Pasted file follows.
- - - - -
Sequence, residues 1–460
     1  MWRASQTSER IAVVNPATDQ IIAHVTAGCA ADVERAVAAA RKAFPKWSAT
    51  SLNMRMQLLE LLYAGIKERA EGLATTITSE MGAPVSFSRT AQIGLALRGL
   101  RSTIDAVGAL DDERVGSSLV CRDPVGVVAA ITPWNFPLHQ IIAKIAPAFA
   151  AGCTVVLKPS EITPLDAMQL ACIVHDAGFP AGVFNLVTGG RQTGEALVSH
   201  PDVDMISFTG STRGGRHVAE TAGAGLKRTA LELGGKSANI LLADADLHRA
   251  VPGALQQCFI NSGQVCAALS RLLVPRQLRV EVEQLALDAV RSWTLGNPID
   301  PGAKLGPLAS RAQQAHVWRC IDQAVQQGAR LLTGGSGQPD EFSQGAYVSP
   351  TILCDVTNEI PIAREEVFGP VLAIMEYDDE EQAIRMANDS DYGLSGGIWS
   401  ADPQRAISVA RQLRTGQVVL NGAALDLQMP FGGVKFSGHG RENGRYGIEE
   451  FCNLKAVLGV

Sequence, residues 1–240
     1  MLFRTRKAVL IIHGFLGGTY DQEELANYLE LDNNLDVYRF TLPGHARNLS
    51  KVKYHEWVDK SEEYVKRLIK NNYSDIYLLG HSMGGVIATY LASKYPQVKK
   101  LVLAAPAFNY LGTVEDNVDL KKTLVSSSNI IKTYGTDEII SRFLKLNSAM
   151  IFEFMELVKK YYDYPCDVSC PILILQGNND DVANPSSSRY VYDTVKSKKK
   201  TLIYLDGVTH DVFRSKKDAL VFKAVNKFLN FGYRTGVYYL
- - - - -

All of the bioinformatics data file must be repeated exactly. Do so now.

Sequence, residues 1–460
     1  MWRASQTSER IAVVNPATDQ IIAHVTAGCA ADVERAVAAA RKAFPKWSAT
    51  SLNMRMQLLE LLYAGIKERA EGLATTITSE MGAPVSFSRT AQIGLALRGL
   101  RSTIDAVGAL DDERVGSSLV CRDPVGVVAA ITPWNFPLHQ IIAKIAPAFA
   151  AGCTVVLKPS EITPLDAMQL ACIVHDAGFP AGVFNLVTGG RQTGEALVSH
   201  PDVDMISFTG STRGGRHVAE TAGAGLKRTA LELGGKSANI LLADADLHRA
   251  VPGALQQCFI NSGQVCAALS RLLVPRQLRV EVEQLALDAV RSWTLGNPID
   301  PGAKLGPLAS RAQQAHVWRC IDQAVQQGAR LLTGGSGQPD EFSQGAYVSP
   351  TILCDVTNEI PIAREEVFGP VLAIMEYDDE EQAIRMANDS DYGLSGGIWS
   401  ADPQRAISVA RQLRTGQVVL NGAALDLQMP FGGVKFSGHG RENGRYGIEE
   451  FCNLKAVLGV

Sequence, residues 1–240
     1  MLFRTRKAVL IIHGFLGGTY DQEELANYLE LDNNLDVYRF TLPGHARNLS
    51  KVKYHEWVDK SEEYVKRLIK NNYSDIYLLG HSMGGVIATY LASKYPQVKK
   101  LVLAAPAFNY LGTVEDNVDL KKTLVSSSNI IKTYGTDEII SRFLKLNSAM
   151  IFEFMELVKK YYDYPCDVSC PILILQGNND DVANPSSSRY VYDTVKSKKK
   201  TLIYLDGVTH DVFRSKKDAL VFKAVNKFLN FGYRTGVYYL